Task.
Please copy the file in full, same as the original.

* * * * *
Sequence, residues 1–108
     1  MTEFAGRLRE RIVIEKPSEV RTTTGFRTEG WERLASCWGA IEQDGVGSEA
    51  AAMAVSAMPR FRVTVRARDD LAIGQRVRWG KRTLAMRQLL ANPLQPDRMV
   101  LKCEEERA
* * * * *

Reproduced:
Sequence, residues 1–108
     1  MTEFAGRLRE RIVIEKPSEV RTTTGFRTEG WERLASCWGA IEQDGVGSEA
    51  AAMAVSAMPR FRVTVRARDD LAIGQRVRWG KRTLAMRQLL ANPLQPDRMV
   101  LKCEEERA